The Kills are notoriously a duo that have no fear when it comes to getting to grips with their sexual tensions, anxieties and wrapping such topics within a lurid plethora of jagged guitars and Motorik rhythms. The lustful, loom of Mosshart alongside the merciless wizardry of Jamie Hince and his robust, growling guitar sounds are two things that have cemented them as the formidable duo within music. The title Ash & Ice points towards the binary and cathartic opposition that swills within their relationship and similarly produces such fierce sounds and theatrical performances. As opposites attract, Ash & Ice feels more than perfect as a title.
Arguably taking The White Stripes for inspiration and then pushing this male/female dynamic in a new path, recently adopted by the likes of Blood Red Shoes et al. Where The Kills have often stood higher than their peers is along the lines of that intensity that is seldom found within music. It is an intensity that has riddled its way throughout all of their four previous releases. The strictly platonic sexual tension that has always pulsated between Hince and Mosshart has lead to be the source of their musical prowess, the whole performance is swimming within sweat, devilish sounds and satanic rhythms.
From their 2003 debut release, Keep On Your Mean Side up until 2011’s Blood Pressures, their sound has always been ridiculously distinctive to being atypical of The Kills. It relies on little more than a methodic kick drum, heavy, gritty distortion rattled through a guitar, spat back out in some proto-blues punk fashion and the howl of Alison Mosshart. Over the time, little has actually changed about the roots of their sound, what has occurred though is an overall tidying up, looking back at the likes of ‘Fried My Little Brains’ and ‘Pull A U’, these are songs that relied upon DIY atmospherics that ran in tangent with the lo-fi production. Fast forward to Blood Pressures, what begins to dig in is a cleansing of the lo-fi. So where does Ash & Ice look set to take us? There first release in five years thanks to unfortunate hand fractures on behalf of Hince that have meant a relearning of guitar.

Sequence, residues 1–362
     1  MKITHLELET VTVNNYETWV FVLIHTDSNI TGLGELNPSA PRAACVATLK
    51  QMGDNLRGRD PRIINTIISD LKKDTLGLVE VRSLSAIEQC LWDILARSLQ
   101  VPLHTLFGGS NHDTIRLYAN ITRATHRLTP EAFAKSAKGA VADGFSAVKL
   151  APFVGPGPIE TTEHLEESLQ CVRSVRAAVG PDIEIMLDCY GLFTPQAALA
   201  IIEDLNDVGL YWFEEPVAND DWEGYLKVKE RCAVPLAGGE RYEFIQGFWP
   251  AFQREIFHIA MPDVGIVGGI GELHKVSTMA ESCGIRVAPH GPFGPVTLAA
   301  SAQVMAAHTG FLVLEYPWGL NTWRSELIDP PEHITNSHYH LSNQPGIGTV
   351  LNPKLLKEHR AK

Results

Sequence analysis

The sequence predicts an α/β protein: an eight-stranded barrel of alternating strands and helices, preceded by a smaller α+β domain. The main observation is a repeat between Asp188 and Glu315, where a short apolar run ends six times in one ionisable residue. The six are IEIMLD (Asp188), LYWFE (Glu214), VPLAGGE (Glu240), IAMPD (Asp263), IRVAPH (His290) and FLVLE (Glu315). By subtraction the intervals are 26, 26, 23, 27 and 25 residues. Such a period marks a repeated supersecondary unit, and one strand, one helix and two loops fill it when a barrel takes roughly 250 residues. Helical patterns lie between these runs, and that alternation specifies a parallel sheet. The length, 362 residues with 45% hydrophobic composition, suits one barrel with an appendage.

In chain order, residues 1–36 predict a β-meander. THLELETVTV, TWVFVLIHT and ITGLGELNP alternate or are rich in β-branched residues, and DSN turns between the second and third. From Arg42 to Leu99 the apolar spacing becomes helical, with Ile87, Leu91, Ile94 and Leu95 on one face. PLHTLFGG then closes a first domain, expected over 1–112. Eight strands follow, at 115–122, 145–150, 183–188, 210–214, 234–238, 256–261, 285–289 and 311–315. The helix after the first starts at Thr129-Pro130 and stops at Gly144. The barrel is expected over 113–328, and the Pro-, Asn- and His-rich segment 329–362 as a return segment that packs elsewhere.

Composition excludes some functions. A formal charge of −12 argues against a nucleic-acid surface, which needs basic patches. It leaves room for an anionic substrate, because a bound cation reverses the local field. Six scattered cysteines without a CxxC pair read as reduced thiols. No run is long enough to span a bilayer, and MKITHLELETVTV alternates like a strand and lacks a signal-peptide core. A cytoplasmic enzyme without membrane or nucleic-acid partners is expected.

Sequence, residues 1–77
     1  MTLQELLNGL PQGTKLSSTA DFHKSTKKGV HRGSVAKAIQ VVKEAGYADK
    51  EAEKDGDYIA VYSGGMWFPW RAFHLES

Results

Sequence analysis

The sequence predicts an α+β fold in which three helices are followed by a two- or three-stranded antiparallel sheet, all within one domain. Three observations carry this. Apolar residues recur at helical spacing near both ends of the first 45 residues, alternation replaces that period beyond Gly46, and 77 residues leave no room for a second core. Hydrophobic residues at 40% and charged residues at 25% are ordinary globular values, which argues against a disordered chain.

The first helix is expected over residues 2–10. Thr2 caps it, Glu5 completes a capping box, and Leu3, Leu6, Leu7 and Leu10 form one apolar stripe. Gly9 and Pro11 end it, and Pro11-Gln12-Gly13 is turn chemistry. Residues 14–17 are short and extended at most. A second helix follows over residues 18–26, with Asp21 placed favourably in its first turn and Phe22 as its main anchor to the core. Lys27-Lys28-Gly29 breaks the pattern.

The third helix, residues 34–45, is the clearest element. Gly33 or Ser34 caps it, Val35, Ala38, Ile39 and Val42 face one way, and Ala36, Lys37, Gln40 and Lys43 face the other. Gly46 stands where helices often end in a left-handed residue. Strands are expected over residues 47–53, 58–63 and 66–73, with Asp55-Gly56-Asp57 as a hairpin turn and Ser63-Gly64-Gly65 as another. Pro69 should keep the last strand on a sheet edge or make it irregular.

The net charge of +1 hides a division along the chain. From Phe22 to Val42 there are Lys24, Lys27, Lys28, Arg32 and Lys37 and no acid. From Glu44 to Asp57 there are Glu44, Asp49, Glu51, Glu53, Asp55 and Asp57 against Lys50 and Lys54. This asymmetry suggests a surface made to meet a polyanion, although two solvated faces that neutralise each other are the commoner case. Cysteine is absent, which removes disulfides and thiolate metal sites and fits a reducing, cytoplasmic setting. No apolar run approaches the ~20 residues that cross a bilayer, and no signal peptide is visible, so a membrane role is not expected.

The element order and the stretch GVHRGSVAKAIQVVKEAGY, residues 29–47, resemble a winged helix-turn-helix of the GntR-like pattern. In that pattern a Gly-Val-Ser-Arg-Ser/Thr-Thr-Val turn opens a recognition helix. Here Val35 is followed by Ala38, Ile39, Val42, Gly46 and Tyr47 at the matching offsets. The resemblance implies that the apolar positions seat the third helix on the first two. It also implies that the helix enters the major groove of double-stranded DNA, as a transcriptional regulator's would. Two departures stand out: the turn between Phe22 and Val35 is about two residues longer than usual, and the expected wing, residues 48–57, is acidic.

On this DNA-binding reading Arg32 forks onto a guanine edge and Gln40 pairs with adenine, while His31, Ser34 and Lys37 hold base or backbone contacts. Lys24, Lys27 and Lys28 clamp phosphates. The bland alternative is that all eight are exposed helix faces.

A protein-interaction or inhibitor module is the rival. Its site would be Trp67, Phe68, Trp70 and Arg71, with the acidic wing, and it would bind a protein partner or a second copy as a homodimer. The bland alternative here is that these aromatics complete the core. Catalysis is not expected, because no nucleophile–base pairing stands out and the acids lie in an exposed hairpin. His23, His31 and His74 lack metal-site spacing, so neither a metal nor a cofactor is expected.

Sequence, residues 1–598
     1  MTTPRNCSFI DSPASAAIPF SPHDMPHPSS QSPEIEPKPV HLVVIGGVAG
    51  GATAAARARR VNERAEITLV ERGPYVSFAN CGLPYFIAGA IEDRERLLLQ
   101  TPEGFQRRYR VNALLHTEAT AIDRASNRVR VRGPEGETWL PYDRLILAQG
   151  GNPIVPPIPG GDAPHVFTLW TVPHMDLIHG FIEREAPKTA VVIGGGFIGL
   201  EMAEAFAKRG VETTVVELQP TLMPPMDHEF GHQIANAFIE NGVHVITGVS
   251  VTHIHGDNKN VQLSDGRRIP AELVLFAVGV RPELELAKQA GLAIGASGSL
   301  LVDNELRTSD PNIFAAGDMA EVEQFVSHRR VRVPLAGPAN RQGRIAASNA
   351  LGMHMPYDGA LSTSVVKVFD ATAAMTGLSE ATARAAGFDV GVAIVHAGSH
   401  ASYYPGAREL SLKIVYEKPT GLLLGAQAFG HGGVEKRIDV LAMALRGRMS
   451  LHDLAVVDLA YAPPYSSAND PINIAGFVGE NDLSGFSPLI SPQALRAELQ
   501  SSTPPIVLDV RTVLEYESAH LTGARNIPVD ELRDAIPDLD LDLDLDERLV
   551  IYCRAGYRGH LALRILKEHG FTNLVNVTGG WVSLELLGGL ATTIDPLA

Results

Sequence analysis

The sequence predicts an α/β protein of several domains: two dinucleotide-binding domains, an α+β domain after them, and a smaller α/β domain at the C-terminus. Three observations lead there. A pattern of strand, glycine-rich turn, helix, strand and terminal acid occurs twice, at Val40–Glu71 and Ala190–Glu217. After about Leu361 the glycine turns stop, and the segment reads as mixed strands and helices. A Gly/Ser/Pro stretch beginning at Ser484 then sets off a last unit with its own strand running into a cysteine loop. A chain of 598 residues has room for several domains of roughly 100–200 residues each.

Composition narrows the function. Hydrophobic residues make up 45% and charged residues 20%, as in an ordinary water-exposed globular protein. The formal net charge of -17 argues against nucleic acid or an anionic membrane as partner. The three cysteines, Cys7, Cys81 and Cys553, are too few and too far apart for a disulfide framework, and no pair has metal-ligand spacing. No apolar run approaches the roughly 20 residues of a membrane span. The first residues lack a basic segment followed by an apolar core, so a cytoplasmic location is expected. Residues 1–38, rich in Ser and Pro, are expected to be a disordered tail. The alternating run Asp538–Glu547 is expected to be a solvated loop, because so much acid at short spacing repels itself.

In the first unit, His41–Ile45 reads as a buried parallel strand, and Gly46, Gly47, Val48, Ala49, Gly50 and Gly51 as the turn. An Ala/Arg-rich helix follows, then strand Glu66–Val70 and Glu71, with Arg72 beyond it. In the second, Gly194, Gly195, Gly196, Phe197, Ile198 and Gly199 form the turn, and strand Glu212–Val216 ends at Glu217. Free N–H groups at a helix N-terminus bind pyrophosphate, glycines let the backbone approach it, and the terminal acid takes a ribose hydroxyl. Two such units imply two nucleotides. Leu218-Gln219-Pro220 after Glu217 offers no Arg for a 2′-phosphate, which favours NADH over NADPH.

As well as an overall tidying up, there are other factors that cement the modern day Kills sound. One of which is with the building up of instruments. Whereas some bands often choose to strip back around their fourth album – The Maccabees, British Sea Power – because The Kills seemed to start so bare and naked, there has only ever been room to add. ‘Doing It To Death’, the opener of the album and first single released from the album emphasises this point from the off. There are still the overarching signature Kills sounds, however, listen closely and there is the abstract synth tapping that undercuts the chorus. This taps into the newer, Kills ethos that swims around dance floor derivatives a little more, finding more charm with electronics than with the squealing guitars and muffled vocals that previously occupied the duo.
The real fact is that the raucous guitar attitude that previously embedded itself within The Kills is nailed into that intense, do or die relationship that swam within the frisson set off by the duo. A sound that finds its roots heavily embedded within a punk ethos that rests upon a lo-fi, DIY pedestal. As times have changed, both members have become preoccupied with other musical ventures or lifestyles, whether that is Mosshart’s experience with The Dead Weather or Hince’s relationship with Kate Moss. That intensity has become less of a flame and more of an ember.
Ash & Ice for large parts certainly finds its ties within the Blood Pressures and Midnight Boom market which seems to be a confirmation of the groove which is flicking the pulse of the duo in modern times. It’s largely clean and tidy but dig a little deeper, and there are some real changes that are expressed within the LP. Musical influences seem a little more away from the hustle and cuss of Hince’s guitar, they are now found partly within Black Angels sounding guitar riffs; the likes of ‘Bitter Fruit’ gives you a great fat slice of fuzz crumble, this demonstrating the ambition that cuts into the duo. It limps slightly upon a psychedelic crutch with its hypnotic groove. ‘Heart of a Dog’ reaches out to Blood Pressures for guidance, not far from the Motorik garage-rock of ‘Heart Is A Beating Drum’, it ties big choruses into an intense, blues-coloured cigarette packet.